Patient education is an important part of your medical care. This is especially true in the Pharmacy profession. Pharmacists are no longer pill counters and drug warehouses.
Your pharmacist is a source of education and information on all drugs as well as your individual prescriptions. In California, it is written into pharmacy law that all patients must be given education and consultation with each new prescription. Your pharmacist is under a legal duty to provide you with information, education, and a consultation, all at no charge. This is one of the greatest bargains in the health care system today. At the time of refill, patients should bring up any side effects or concerns that may need to be addressed. Patients may also call their pharmacist and speak directly about their concerns. If a patient uses a mail order service, they must provide consultation as well.
When patients pick up a prescription, they are given a patient information brochure. I encourage my patients to always save these printouts. They are very good information sources that usually answer frequently asked questions (FAQs). If a patient is having a suspected side effect, I suggest they first consult their patient information brochure before calling the pharmacy. And, always let your doctor know if you suspect side effects.
As patients sometimes have more complicated medical histories, multiple diagnoses require multiple prescriptions. Many times I have heard senior citizens complain of “pills, pills and more pills.” This is usually the patient who has been in excellent health their entire life and feels like they are losing control of their life to “pills” which they never took in the first place. I think the entire health profession needs to respect their patient’s concerns. Moreover, the educated patient should continually question their Health Care Provider as to what the goal of therapy is and what the plan of therapy is.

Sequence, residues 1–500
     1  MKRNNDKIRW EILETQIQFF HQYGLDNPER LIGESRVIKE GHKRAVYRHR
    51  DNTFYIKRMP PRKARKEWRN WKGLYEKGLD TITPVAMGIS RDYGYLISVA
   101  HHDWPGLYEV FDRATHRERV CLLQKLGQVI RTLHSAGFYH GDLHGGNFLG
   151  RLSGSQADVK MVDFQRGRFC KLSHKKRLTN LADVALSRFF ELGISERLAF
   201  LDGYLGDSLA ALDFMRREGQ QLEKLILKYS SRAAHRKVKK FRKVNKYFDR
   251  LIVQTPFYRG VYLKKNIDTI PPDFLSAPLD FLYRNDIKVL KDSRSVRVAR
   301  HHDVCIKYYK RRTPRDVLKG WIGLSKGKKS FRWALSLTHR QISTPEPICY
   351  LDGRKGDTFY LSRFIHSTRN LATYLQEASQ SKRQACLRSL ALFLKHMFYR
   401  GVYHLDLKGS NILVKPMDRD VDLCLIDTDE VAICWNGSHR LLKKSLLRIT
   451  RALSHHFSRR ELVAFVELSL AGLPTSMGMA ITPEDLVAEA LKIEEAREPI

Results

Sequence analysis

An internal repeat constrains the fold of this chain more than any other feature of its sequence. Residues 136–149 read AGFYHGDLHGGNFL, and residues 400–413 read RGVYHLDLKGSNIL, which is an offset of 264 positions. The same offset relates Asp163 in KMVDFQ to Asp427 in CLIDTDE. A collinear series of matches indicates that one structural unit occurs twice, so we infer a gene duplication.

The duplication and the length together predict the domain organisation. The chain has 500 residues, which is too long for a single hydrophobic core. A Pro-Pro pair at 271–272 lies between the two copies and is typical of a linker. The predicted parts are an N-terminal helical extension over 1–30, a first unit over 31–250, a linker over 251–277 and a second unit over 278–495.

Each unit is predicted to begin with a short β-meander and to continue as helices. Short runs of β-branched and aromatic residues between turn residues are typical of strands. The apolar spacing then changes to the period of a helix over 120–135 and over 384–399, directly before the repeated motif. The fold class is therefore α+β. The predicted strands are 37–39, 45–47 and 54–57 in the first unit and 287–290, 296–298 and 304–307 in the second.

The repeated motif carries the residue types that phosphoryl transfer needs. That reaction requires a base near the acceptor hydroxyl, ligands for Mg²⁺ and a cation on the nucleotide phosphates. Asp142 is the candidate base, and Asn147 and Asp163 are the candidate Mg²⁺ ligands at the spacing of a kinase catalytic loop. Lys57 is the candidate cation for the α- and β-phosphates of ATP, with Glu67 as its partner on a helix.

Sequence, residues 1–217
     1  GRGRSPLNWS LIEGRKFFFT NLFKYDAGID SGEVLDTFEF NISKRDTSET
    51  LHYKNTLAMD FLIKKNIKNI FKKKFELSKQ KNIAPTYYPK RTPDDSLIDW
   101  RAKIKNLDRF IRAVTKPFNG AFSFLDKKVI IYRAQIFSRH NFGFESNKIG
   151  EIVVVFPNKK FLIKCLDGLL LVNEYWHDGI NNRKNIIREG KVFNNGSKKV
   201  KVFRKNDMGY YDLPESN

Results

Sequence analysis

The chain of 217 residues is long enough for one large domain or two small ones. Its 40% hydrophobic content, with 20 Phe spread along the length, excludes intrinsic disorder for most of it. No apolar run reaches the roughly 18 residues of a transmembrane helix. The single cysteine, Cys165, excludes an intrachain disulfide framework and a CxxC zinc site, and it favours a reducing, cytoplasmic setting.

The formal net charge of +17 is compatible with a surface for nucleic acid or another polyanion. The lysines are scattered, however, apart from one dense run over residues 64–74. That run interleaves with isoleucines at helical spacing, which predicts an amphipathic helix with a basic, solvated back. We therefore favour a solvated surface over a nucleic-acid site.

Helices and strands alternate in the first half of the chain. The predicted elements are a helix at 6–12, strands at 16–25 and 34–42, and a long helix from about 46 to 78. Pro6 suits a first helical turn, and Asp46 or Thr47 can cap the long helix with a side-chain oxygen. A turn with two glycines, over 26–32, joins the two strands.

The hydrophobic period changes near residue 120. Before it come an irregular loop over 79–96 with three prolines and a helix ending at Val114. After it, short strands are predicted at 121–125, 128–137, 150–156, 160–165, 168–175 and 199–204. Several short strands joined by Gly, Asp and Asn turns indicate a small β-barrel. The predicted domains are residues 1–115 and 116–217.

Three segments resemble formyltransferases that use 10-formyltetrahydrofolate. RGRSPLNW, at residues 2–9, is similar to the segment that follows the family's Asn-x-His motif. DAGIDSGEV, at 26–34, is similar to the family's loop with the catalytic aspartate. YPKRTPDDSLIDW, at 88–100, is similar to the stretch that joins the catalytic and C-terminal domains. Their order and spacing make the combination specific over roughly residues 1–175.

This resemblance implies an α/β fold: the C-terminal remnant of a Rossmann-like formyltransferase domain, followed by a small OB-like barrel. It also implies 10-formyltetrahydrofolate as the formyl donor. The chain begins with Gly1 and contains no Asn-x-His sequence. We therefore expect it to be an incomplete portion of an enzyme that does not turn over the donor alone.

Another aspect of proper medication therapy is the sequence of proper administration. In plain language, what pill should be taken at what time? This is not always clear when a patient leaves the medical office. I encourage patients to always place a call to the medical office and if the doctor is not available, to leave a message that the MD can respond to. I also encourage patients in this situation to refer back to the patient information brochure from the pharmacy, and follow the suggested dose. For example, if the patient takes oral medication for the control of high blood sugar the prescription may be more effective if taken before a meal, where other medications can be taken at meal time.
Multiple medications can be a challenge for some patients. I encourage patients to make a list of medications and dosage times and post it in a convenient location such as in the medicine cabinet or on the refrigerator door. Again, if there is any doubt, ask your pharmacist. The patient is entitled to know precisely which medication to take at the most appropriate time.
The internet is a very good source of free information. Caution should be used however to avoid websites that provide inaccurate or incomplete information. There are some very good web sites that are getting better every day. Here are a few: WebMD, drugs.com, and the web page for AARP. Also, check the web page for the pharmacy you filled your prescription at.
Jon Bartlett RPH
For information related to your home care service, always call the staff at Affordable & Quality Home Care Services in Fallbrook 760-468-3075.